To make a Bloody Mary 30,000 feet in the air, simply ask flight attendants for a mini bottle of vodka, some tomato juice, and a glass of ice. You may have to pack a few of the necessities (horseradish paste, celery, and even lemon), but they're not essential. As I said before, a Bloody Mary doesn't have to be perfect. You can try what some call the "Red Eye," if you're a beer person. Swap vodka for beer and you'll be up and at 'em in no time.
On your way to New York? The Manhattan may not be a favorite amongst frequent fliers, but it's still one of the best airplane cocktail recipes simply because it's simple to make!
You'll need Canadian whiskey, like Jameson per se, and some bitters. Add red vermouth and a garnish of a cherry or two and it's off to New York for you. If you want (I prefer not to), you can ask for an extra glass so as to strain your chilled beverage before garnishing.
You may not have the right glass for it, but a Moscow Mule is definitely nice on a trip through the skies. Have one with ginger beer if the flight actually has it (that is, after all, a classic Moscow Mule), but don't worry. Ginger ale also works.
Grab some vodka, splash some lime juice in with a blend of ginger ale or ginger beer and you're somehow transported to Moscow. I'm not huge on lime wedges (or garnish additions in general), but if your flight attendant has them, use them.
May sound a little bit too complex, but you have nothing to fear. The Juan Collins is so good, too; that's why I love it as one of those little known airplane cocktail recipes that no one knows how to make right.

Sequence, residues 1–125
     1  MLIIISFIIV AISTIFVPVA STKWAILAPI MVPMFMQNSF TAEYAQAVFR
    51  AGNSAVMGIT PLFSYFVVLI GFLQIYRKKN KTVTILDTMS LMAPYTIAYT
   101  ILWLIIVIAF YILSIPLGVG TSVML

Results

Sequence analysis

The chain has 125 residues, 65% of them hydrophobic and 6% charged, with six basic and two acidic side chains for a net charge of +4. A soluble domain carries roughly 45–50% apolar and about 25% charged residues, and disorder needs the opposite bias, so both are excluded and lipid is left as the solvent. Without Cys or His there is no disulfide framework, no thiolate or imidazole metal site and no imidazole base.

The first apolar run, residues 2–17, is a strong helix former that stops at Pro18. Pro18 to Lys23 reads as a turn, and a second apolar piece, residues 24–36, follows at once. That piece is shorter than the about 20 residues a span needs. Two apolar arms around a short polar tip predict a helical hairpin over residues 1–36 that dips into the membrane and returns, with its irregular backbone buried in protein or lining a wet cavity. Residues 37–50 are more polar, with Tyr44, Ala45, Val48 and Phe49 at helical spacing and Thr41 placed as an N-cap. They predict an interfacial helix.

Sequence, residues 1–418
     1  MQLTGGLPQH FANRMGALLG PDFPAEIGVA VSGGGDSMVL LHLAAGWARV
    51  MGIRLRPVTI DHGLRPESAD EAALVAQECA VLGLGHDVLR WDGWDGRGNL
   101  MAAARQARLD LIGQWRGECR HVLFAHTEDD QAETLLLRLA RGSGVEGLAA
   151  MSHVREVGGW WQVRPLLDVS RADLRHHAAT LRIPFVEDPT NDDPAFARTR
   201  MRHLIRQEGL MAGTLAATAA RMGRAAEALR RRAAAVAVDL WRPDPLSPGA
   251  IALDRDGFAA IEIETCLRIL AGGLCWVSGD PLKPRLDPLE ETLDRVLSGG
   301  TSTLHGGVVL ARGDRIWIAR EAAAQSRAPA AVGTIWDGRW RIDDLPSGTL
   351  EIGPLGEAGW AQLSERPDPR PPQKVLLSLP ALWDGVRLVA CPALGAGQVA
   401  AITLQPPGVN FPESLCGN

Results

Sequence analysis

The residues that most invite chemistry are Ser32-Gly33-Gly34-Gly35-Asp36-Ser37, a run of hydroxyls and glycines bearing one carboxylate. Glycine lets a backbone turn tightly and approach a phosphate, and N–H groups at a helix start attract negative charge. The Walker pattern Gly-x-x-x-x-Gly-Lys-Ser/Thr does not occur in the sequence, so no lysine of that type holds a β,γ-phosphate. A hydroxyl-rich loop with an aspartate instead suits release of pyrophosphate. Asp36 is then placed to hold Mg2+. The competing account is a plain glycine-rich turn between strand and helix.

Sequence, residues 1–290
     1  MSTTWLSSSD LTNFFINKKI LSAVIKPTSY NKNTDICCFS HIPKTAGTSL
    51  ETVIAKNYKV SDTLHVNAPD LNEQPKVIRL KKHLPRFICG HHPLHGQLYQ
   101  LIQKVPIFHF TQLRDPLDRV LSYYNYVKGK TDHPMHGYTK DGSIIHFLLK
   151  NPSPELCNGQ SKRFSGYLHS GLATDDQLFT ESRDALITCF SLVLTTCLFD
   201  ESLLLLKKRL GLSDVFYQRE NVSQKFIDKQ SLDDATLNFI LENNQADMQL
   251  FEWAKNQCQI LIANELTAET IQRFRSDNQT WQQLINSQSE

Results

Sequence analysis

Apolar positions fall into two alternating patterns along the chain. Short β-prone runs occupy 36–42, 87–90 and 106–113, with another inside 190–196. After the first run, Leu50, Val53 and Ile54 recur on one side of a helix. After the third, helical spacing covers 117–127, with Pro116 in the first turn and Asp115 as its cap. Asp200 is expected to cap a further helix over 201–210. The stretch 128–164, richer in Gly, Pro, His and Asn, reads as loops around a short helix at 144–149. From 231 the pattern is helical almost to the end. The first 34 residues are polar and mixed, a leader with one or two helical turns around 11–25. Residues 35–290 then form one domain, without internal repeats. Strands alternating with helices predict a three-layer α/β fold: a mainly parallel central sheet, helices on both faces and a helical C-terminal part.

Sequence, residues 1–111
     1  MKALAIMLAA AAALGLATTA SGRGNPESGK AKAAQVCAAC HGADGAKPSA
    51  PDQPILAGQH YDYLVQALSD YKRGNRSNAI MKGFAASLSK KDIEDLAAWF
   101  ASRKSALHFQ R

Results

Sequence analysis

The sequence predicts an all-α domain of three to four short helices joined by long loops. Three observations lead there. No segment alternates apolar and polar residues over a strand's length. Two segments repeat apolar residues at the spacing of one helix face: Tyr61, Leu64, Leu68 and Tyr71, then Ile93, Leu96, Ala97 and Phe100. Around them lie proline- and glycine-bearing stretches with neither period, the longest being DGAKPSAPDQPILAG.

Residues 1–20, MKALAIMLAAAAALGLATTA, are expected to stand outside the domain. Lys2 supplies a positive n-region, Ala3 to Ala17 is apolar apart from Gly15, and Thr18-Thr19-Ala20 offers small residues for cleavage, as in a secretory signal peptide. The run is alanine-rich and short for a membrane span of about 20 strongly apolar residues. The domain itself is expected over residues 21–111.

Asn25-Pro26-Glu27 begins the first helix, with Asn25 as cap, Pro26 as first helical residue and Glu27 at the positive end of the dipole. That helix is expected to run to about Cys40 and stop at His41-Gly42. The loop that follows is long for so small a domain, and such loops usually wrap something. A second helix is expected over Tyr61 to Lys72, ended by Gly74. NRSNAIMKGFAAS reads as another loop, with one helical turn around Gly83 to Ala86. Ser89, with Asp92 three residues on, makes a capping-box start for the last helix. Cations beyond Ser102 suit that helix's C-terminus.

Good thing for you, I know the right flavor. You need not make it too fancy, but let's not forget it is a Juan Collins, after all. You'll need a lemon or lime wedge, but you squeeze this into the cup add tequila and club soda, maybe a dash of sugar if you want it, then your Juan Collins is ready to go.
Not the easiest of choices, but a Mojito will always do you right on the slow bumpy ride of descent (especially if you're landing in Miami). To make this classic of a drink and one of the best airplane cocktail recipes, grab both white rum and club soda from your honorable flight attendant.
You'll need two cups, one with ice and the other empty. You'll had to have packed a muddler or spoon, in addition to some mint leaves, both of which aren't difficult to get on the plane. Muddle sugar, mint, and lime juice in the empty glass, then add ice and rum with the club soda.
I've saved the best for last, easily one of my favorite concoctions yet, and not all that too difficult to pursue. You'll need a mini bottle of Jameson, of course, and a cup of coffee while you're at it. Add some brown sugar, whiskey (Jack Daniels is good, too), and slowly pour as you add creamer.
Voila, you have made one of the best airplane cocktail recipes in all the skies; perfect for red eyes and early morning flights that just take the worst of you. Luckily, as all Irish creations should, the Irish coffee airplane mixture will reset your clock back to warm and flavorful.
Or, you can bring your own cocktail kit!
Pack your own drinks and make your own airplane cocktails with W&P Design's sweet carry-on kit, which makes cocktail creation that much simpler. Since it's made with stainless steel you don't have to worry about it getting broken or destroyed en route.
Whether you like beer, wine, or spirits mid-air, it's safe to say this carry-on cocktail maker will ensure you're not only making the best drinks in-flight, but utilize the most necessary ingredients, all of which made readily available from predetermined thought. Unfortunately, it doesn't come with frequent flyer miles.